Unneeded caches are automatically deleted when ArcGlobe is closed. For example, if you add a new layer to ArcGlobe and exit without saving the layer in the document or a layer file, the on-demand cache for the layer you added will be deleted. This is because there is no document or layer file referencing that layer so the cache will never be consumed.
The exceptions to this rule are manually generated full or partial caches. These caches are not deleted when closing ArcGlobe, even if the layer is not saved to a layer file or an ArcGlobe document. However, they are also effectively orphaned, as the only way to reference them is by adding the top-level layer file from the cache directory. These orphaned caches no longer reference their source data and are simple snapshots of the data display. To simplify cache management, it is recommended that you make it a practice to keep connections to all your caches through a layer file or an ArcGlobe document.
If you configure a layer's properties to not use a disk cache, then the existing disk cache for the layer is automatically deleted. This also ensures that no cache is written to disk. To set a layer to not use a disk cache, go to the Cache tab on the Layer Properties page and check the option Do not use a disk cache. Immediately, any existing disk cache files are removed. If the layer has a full cache, then a warning is given before the cache gets deleted.
Optionally, you can configure a layer to always delete its cache when exiting ArcGlobe. This is useful for dynamic content, such as weather data from an ArcIMS service, where the display will be changing regularly.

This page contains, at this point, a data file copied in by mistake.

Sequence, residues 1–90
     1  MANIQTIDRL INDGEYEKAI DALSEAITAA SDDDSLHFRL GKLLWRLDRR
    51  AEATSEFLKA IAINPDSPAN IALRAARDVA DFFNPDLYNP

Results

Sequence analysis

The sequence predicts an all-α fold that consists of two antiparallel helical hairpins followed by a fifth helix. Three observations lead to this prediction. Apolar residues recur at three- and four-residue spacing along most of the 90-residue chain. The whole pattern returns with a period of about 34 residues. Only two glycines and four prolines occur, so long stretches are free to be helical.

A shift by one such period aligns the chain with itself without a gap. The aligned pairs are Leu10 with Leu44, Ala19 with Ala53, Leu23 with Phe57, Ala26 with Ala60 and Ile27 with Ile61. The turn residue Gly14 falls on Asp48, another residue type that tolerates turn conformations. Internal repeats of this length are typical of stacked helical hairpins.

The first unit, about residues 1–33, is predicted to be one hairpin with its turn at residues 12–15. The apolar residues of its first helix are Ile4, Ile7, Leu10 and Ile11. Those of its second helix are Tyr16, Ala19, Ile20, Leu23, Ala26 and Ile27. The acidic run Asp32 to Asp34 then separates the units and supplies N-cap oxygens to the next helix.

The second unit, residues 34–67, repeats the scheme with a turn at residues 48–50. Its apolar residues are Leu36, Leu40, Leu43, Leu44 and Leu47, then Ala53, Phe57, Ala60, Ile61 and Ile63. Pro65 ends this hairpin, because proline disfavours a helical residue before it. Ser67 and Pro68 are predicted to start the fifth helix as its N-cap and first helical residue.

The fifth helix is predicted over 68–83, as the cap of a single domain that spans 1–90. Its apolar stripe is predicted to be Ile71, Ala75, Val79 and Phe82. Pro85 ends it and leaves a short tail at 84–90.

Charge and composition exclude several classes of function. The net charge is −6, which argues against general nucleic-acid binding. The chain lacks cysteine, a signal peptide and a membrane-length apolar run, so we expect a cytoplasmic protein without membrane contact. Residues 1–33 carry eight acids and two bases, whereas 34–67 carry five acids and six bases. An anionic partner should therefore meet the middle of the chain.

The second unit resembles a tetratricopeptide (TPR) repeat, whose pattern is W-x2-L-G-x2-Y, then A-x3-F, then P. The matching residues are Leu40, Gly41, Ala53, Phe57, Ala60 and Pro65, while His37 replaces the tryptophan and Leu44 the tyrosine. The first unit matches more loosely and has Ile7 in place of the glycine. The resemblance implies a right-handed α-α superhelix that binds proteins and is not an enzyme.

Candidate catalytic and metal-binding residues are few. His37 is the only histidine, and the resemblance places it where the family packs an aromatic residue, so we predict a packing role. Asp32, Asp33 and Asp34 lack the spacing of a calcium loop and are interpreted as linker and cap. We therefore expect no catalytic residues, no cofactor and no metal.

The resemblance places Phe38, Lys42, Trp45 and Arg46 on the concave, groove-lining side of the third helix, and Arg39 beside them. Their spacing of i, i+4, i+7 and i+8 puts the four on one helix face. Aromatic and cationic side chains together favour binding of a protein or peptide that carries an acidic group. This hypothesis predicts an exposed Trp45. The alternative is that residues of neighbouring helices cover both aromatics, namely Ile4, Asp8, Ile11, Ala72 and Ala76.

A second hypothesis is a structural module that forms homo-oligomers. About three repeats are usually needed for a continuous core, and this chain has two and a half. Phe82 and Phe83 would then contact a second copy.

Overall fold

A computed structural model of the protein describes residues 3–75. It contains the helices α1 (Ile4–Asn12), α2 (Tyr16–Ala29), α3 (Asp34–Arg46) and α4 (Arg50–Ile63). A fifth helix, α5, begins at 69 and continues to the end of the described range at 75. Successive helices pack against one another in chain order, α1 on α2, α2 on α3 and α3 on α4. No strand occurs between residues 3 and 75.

When closing the application or exiting a document, ArcGlobe will warn you if layer caches are going to be automatically deleted or orphaned. The message added to the Save Changes dialog box is 'If not saved some layer caches will be lost'. The message is not displayed for layer caches that you have configured to be deleted on exit.
In the image below are the two options for controlling cache deletion. When applied, the first option immediately deletes a layer's disk cache, whereas the second option will delete the disk cache only after exiting ArcGlobe or removing the layer.
- Configuring the memory cache by data type
- Setting the default location of the disk cache
- Deleting caches when disk space is needed
- Deleting caches when exiting ArcGlobe
- Disabling the disk cache at the layer level
- Manually generating a disk cache for a layer
- Locating the cache of a layer on disk
- Partially invalidating a disk cache
- Setting the disk cache format
- Using a disk cache as an ArcGlobe layer
- Creating a layer file in the disconnected cache folder using ArcGlobe
- Creating a layer file in the disconnected cache folder using ArcCatalog